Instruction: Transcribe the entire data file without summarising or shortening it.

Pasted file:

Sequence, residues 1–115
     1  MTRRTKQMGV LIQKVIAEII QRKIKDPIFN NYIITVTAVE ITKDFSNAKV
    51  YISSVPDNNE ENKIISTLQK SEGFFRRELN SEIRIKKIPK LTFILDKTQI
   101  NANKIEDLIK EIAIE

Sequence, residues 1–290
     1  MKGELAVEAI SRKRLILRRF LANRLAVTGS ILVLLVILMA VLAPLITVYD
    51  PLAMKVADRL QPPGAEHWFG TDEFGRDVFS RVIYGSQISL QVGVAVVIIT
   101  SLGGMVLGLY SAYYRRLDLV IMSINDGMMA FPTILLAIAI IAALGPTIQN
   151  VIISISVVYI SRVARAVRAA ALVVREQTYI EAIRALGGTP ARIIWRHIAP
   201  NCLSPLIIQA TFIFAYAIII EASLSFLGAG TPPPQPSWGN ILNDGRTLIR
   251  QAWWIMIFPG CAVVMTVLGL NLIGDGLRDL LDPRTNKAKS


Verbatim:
Sequence, residues 1–115
     1  MTRRTKQMGV LIQKVIAEII QRKIKDPIFN NYIITVTAVE ITKDFSNAKV
    51  YISSVPDNNE ENKIISTLQK SEGFFRRELN SEIRIKKIPK LTFILDKTQI
   101  NANKIEDLIK EIAIE

Sequence, residues 1–290
     1  MKGELAVEAI SRKRLILRRF LANRLAVTGS ILVLLVILMA VLAPLITVYD
    51  PLAMKVADRL QPPGAEHWFG TDEFGRDVFS RVIYGSQISL QVGVAVVIIT
   101  SLGGMVLGLY SAYYRRLDLV IMSINDGMMA FPTILLAIAI IAALGPTIQN
   151  VIISISVVYI SRVARAVRAA ALVVREQTYI EAIRALGGTP ARIIWRHIAP
   201  NCLSPLIIQA TFIFAYAIII EASLSFLGAG TPPPQPSWGN ILNDGRTLIR
   251  QAWWIMIFPG CAVVMTVLGL NLIGDGLRDL LDPRTNKAKS